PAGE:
Dalhousie University’s new Rhodes Scholar paves way for more diverse engineering field

·5 min read

From a young age, Sierra Sparks has been passionate about math and science.

First, it led her to pursue a biomedical engineering degree at Dalhousie University. In her four years spent at the school, she says some people have doubted her abilities because of the fact that she’s a Black woman — only motivating her to continue following her passion and to prove them wrong.

Her persistence has led her to achieve a near-perfect GPA, multiple awards and hold various leadership positions with Dalhousie’s Engineering Society and the Dalhousie Women in Engineering Society. As a student leader, she’s strived to pave the way for more people of colour and women to pursue engineering and other fields that have historically lacked diversity.

Sparks’ academics, extracurriculars, leadership and community impact have now led her to her next journey: a fully paid Rhodes Scholarship covering travel, study and expenses for two years at the University of Oxford in England next fall. She is one of 11 students from across Canada to be named a Rhodes Scholar this year and Dalhousie’s 92nd Rhodes Scholar.

Here is her conversation with The Chronicle Herald about the opportunity.

How does it feel to be named a Rhodes Scholar?

It still feels really surreal. I found out late Saturday night and ever since I haven’t been able to stop smiling. It’s just such a dream come true and it’s been an amazing whirlwind of a few days. I’m just very, very excited to be starting my studies next fall at Oxford and to have this really amazing opportunity.

The Rhodes Scholarship looks beyond students’ academics and at their overall contributions to their schools. Can you tell us a bit about how you’ve gotten involved at Dalhousie over the past four years?

For me, one of the biggest ways that I’ve been involved is with the engineering community at Dalhousie. One of my now best friends convinced me to join the Engineering Society in the first week of school, so ever since then, I’ve really enjoyed being involved with the engineering community and being able to meet with high school students and really talk to them, especially students from underrepresented backgrounds, that’s been a passion of mine, telling them about engineering and telling them it's something they can do because it’s very much a male-dominated field and it’s something I’ve been passionate about, working with the Women in Engineering Society, to increase the number of women in engineering and in science, technology and math as well.

In your time at Dalhousie, you’ve been a strong advocate for diversity in engineering. What do you hope the field will look like in the next, let’s say five or 10 years?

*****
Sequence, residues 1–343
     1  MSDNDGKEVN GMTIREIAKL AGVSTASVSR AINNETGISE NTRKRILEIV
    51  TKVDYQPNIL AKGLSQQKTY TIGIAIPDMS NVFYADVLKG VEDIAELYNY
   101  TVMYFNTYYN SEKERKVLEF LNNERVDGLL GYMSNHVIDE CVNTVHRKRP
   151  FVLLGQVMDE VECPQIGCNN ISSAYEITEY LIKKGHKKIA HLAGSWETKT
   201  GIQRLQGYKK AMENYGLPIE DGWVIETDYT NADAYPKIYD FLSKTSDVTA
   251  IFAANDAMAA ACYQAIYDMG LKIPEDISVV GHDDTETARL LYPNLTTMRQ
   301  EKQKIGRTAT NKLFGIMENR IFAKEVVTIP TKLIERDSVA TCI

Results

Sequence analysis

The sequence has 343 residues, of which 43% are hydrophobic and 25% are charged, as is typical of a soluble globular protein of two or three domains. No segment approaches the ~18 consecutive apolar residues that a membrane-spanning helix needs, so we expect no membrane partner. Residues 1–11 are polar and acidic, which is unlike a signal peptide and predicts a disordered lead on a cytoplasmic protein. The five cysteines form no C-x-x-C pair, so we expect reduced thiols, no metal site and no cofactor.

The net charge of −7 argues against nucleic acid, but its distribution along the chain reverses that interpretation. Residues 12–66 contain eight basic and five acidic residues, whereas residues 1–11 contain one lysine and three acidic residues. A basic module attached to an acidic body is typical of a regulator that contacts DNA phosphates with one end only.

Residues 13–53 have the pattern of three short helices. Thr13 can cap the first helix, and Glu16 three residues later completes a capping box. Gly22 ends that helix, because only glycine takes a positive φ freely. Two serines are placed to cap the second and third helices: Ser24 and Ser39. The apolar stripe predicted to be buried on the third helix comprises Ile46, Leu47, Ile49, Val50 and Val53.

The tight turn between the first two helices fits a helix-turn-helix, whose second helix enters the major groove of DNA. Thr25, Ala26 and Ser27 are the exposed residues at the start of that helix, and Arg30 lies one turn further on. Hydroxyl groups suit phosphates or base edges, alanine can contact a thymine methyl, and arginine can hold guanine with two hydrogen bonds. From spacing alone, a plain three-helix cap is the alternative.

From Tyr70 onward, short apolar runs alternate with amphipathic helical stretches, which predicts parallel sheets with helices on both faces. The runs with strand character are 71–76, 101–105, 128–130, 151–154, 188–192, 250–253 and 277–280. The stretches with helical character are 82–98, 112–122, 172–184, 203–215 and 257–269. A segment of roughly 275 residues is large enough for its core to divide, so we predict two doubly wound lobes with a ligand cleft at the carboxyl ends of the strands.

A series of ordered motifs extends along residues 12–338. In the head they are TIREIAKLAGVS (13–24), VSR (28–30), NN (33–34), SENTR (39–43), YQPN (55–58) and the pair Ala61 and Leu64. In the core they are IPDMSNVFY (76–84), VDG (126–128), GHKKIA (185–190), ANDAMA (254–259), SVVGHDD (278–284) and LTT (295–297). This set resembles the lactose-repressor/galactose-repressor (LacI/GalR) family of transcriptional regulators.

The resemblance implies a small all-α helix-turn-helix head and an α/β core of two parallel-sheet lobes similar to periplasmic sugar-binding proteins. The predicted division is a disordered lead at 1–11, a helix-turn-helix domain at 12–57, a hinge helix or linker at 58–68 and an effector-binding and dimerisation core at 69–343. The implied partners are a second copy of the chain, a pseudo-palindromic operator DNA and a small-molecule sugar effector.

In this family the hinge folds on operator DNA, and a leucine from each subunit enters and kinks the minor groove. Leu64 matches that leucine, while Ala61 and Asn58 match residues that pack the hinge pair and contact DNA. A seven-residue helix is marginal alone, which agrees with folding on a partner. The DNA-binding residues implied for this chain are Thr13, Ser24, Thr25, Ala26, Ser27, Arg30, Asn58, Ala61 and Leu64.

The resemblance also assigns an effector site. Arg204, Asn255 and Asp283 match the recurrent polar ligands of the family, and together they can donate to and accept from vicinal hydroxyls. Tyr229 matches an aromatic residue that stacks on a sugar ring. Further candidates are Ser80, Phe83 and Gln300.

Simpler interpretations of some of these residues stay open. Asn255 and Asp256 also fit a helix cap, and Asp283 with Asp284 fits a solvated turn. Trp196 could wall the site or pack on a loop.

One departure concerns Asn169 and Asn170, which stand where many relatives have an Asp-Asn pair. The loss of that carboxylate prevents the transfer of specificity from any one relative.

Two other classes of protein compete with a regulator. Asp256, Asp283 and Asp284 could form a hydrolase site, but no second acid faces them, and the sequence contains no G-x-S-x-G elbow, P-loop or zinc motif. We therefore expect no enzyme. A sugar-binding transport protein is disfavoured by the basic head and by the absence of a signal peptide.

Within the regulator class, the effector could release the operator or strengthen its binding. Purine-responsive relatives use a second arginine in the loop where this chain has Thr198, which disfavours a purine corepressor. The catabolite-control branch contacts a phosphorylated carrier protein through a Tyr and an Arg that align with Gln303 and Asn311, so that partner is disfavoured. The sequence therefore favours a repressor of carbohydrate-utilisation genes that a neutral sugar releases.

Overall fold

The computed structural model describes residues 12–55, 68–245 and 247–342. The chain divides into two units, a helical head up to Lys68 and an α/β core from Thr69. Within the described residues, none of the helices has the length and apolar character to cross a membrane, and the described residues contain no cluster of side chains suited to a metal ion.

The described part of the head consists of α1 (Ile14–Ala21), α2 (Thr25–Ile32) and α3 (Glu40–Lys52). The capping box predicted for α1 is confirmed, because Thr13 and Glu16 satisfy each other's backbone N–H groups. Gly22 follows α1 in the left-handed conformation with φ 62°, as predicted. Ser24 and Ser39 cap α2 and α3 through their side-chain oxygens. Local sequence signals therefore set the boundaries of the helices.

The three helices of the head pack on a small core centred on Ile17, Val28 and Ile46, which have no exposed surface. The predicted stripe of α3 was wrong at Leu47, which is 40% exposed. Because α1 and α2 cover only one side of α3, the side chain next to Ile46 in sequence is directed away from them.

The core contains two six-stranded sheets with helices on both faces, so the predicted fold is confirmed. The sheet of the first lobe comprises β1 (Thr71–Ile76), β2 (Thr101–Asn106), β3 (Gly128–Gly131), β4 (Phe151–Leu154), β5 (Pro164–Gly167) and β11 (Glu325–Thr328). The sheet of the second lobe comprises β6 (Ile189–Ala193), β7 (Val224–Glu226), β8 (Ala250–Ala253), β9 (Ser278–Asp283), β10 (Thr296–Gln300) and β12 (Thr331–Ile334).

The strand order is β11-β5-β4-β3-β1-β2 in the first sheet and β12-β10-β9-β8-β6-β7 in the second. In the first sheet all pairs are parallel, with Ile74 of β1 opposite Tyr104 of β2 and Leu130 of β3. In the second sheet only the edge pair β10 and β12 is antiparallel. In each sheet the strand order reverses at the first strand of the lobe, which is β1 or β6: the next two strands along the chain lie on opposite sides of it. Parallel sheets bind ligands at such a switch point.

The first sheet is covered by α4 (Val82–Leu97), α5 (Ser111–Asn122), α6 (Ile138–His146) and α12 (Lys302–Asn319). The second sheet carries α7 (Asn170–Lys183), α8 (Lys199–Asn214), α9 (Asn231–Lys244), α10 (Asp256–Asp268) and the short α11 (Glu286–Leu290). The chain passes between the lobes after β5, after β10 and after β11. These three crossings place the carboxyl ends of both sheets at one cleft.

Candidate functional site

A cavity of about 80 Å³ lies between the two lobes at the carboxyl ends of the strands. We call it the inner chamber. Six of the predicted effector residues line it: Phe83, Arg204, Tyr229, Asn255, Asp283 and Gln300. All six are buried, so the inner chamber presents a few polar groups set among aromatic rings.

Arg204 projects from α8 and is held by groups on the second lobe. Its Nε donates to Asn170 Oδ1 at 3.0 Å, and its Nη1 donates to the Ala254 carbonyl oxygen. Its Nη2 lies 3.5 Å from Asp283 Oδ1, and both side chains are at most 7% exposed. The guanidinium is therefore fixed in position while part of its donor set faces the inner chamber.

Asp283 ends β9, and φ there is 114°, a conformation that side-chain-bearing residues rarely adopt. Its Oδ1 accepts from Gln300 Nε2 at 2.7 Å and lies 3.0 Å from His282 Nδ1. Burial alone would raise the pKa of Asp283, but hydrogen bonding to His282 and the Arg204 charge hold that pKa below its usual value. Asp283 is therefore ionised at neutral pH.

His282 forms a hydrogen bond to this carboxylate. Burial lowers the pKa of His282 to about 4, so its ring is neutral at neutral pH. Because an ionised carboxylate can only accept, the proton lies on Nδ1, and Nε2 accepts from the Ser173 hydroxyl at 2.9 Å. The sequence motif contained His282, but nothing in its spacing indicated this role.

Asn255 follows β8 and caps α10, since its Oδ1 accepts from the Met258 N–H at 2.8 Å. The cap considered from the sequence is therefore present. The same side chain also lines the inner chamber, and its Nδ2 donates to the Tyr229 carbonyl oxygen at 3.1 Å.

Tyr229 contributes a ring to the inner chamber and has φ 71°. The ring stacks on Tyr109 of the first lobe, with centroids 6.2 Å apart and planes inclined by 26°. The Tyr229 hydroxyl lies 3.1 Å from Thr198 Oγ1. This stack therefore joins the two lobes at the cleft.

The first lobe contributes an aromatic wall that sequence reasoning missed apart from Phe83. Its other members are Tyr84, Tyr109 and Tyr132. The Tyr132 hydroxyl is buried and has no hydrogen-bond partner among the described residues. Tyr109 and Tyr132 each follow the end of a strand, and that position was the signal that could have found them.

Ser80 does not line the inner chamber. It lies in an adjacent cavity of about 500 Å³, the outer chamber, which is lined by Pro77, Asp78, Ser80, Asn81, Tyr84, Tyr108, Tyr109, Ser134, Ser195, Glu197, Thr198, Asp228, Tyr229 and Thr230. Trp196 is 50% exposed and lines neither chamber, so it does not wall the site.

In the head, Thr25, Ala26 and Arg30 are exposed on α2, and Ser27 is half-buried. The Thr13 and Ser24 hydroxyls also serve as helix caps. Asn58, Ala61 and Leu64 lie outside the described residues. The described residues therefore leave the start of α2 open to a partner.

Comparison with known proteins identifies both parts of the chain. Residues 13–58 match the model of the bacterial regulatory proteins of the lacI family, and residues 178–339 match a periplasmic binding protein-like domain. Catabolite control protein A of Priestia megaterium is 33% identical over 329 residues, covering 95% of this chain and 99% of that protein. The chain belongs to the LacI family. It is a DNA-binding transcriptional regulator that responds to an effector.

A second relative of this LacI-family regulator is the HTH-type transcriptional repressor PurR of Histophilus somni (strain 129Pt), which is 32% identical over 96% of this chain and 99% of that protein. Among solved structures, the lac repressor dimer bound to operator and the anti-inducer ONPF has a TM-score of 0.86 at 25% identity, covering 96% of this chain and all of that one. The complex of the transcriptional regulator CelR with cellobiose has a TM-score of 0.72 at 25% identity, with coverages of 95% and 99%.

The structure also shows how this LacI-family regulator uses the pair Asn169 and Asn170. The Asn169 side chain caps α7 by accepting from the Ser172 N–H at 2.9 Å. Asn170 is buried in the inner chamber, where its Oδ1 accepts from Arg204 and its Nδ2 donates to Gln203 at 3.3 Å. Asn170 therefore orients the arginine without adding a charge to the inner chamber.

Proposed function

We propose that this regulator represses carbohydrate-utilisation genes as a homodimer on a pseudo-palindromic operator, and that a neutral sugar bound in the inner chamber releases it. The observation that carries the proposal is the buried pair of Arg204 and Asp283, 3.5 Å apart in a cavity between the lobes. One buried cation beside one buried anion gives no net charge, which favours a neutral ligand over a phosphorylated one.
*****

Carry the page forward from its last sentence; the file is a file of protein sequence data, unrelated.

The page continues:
I do believe that change does take a while to happen, but what I’d like to see is that more from an institutional level, at a lot of these Canadian universities and really across the world as well that are teaching engineering and teaching all of these typically not very diverse fields, I really want them to be making their schools and their classrooms as welcoming as possible. I think that it’s really important that we communicate all of the amazing things that you can do as an engineer or as an engineering student. I know that for me, personally, it’s been some of the best four years of my life and I just really hope that everyone who’s even thinking about maybe doing engineering feels that they’re welcome in that community.

And I think in five or 10 years, I would love to see more people from underrepresented backgrounds, such as people of colour and women in the profession, and it’s really great to see whenever there’s more diversity in the profession, because I think that really strengthens the profession and strengthens the classroom as well. You’re able to get the best ideas when you have the most diverse teams.

What are you looking forward to most when you head off to England?

I’m definitely really, really excited to get to meet with the other Rhodes Scholars. I’ve been reading some of their bios and I’ve been so inspired by some of the things they’re doing at their communities and at their schools and all across the world. It’s going to be really, really cool to get to meet with them and bounce ideas off of them and really learn from their leadership.

And I’m really hoping to continue to develop my skills as a leader and as a focused thinker in engineering.

Lastly, do you have any advice for other students?

My advice would be to keep your doors open, but do what you want to do.

As a Black woman in engineering, that’s not something that you always see and it’s one of the underrepresented groups in engineering, and so along the journey, there’s been some prejudices and people maybe not believing that it’s something that I could do or people in my same situation would be able to do.

And so I would say to anyone who is thinking about doing engineering or anything at large, if someone tells you not to do something, use that as your motivation to just prove them wrong. That’s kind of been my philosophy throughout this whole journey and all the people who maybe didn’t think I would be able to do this, here I am now, really enjoying my studies and just really blessed with this opportunity and to be able to work with such an amazing university community at Dalhousie and just have such an amazing support from my family and my community.

So definitely, whenever someone tells you you can’t do something, don’t let that stop you.

This Q&A has been edited for length and clarity.

Noushin Ziafati, Local Journalism Initiative Reporter, The Chronicle Herald